23 January, 2021

Eleven and 87 year sunspot cycles

It is well known that the sunspots vary over an eleven-year cycle. As the sunspot number increases, the ionosphere is more ionized and radio propagation on the high shortwave bands from about 10 - 30 MHz. Also, the higher the sunspot number, the more likely is the appearance of Northern Lights.

Here's spectral analysis of the monthly sunspot numbers from 1750-2020. First I show Fourier based spectrogram analysis. The y-axis is frequency or inverse years and there are arrows marking 11 years as well as the Gleissberg cycle of about 87 years. Note how the 11 year cycle has split into two periods since the 50's. There is a weak subharmonic at 5.5 years also. Due to the 90 year analysis window length, the time scale ends 45 years before 2020, i.e. in 1975.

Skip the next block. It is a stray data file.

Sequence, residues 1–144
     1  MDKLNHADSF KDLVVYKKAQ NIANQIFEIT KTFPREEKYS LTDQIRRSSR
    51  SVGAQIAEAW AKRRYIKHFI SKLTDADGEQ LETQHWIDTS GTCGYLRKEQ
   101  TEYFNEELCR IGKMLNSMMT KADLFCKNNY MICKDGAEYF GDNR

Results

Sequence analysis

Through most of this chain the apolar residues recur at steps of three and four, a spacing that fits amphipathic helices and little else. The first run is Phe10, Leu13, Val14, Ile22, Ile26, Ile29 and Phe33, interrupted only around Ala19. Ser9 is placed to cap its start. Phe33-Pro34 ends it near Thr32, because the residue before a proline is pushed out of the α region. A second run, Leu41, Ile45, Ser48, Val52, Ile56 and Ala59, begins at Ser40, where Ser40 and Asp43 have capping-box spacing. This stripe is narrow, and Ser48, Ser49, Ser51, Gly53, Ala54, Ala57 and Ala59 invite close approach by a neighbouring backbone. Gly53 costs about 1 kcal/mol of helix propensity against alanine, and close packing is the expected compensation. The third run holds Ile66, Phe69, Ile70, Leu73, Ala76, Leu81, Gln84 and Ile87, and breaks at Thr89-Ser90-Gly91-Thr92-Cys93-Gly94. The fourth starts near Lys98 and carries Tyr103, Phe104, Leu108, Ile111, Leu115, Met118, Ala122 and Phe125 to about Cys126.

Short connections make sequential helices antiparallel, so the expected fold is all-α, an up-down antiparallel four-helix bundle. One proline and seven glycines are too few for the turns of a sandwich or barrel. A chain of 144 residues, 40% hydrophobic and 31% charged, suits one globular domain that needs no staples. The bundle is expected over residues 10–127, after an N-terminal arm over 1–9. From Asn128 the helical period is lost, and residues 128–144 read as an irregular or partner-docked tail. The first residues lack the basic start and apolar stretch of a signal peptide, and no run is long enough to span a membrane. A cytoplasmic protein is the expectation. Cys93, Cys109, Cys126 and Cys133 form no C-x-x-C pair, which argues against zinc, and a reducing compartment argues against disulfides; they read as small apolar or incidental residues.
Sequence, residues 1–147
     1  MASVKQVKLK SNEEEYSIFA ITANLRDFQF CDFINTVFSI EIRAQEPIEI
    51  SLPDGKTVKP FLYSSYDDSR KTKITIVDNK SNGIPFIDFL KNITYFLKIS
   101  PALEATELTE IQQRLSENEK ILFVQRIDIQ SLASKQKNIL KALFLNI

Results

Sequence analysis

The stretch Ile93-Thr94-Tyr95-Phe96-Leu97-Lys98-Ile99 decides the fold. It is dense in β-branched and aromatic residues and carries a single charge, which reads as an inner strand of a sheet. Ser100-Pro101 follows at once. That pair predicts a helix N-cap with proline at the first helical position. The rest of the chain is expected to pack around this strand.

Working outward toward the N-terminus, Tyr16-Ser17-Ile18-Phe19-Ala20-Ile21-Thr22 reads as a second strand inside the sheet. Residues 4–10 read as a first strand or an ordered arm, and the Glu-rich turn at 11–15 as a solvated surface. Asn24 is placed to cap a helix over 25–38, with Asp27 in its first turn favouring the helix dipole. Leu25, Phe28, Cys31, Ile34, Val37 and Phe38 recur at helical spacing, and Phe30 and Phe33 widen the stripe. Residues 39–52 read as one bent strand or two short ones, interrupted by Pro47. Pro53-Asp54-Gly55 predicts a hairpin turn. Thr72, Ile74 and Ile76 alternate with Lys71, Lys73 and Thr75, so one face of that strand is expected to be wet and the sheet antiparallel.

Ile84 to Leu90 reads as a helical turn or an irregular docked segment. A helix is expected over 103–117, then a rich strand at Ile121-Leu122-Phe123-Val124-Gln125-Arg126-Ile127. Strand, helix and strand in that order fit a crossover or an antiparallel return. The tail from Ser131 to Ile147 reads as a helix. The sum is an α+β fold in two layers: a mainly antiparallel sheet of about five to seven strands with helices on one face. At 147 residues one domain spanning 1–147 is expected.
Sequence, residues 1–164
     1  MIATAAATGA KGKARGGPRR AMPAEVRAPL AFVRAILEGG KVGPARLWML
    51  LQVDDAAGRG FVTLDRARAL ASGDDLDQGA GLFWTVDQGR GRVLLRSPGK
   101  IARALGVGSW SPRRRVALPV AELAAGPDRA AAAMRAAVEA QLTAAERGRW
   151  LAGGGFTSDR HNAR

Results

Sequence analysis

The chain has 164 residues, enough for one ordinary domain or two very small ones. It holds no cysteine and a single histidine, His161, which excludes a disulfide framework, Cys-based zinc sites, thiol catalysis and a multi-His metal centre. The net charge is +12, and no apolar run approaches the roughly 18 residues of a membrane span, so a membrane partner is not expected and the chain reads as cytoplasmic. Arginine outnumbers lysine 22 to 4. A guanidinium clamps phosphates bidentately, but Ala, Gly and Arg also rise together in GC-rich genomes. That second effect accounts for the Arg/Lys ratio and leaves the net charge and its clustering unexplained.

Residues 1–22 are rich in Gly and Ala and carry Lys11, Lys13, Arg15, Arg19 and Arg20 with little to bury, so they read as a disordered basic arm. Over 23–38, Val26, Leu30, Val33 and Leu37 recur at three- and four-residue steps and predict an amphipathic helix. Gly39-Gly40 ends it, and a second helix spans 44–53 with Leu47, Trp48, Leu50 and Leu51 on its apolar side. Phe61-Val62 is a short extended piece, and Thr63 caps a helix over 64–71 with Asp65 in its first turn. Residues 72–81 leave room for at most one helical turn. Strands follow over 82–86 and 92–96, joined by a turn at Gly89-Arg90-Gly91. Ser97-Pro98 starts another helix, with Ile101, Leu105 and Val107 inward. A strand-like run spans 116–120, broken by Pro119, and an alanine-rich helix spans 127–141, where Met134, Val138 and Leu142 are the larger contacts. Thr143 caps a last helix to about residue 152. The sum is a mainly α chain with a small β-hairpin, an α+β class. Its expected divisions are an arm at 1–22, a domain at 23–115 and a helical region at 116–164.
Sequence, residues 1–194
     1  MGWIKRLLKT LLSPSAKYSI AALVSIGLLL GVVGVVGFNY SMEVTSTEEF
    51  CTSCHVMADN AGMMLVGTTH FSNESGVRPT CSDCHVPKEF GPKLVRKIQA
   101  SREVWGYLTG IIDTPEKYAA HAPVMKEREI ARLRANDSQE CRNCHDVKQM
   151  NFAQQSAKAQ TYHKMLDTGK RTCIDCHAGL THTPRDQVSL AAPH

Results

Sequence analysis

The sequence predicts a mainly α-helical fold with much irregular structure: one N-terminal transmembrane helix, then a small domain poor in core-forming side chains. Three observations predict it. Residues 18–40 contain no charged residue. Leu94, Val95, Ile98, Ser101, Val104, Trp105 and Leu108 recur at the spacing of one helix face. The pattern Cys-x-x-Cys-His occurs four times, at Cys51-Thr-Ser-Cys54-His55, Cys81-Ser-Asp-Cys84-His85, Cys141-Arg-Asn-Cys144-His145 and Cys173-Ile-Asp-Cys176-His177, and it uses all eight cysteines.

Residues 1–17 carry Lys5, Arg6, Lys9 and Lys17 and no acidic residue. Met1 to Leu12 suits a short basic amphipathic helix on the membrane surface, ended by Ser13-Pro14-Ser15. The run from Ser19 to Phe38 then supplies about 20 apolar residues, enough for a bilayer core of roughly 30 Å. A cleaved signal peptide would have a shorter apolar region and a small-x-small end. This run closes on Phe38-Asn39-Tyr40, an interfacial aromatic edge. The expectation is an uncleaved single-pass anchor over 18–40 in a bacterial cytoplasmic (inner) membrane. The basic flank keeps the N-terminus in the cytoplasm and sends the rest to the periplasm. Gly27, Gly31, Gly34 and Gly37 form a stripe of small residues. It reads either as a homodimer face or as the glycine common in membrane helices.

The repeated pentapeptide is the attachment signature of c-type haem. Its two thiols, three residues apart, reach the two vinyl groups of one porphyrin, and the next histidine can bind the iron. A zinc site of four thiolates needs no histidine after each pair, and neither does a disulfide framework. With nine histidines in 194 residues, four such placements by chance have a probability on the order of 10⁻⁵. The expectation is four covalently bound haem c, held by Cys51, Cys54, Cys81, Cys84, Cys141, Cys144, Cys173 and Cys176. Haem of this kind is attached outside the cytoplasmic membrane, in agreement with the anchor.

The raw sunspot data is shown in the second figure. It is evident that we are right after a solar minimum now early in 2021. This is the sunspot series version 2.0. The data source is the Royal Observatory of Belgium and the input file is the monthly data from 1750 up to December 2020, file name: SN_m_tot_V2.0.txt.

The last figure shows an alternative spectral analysis with the Burg maximum entropy method implemented as a spectrogram:

It shows the same lines, but now the 22 year cycle also appears. Note how the spectral lines are narrower. 

The development of this analysis software was done as part of a project I did some years ago on Climate Data Oscillations and the Magnitude Squared Coherence at the University of Oslo.

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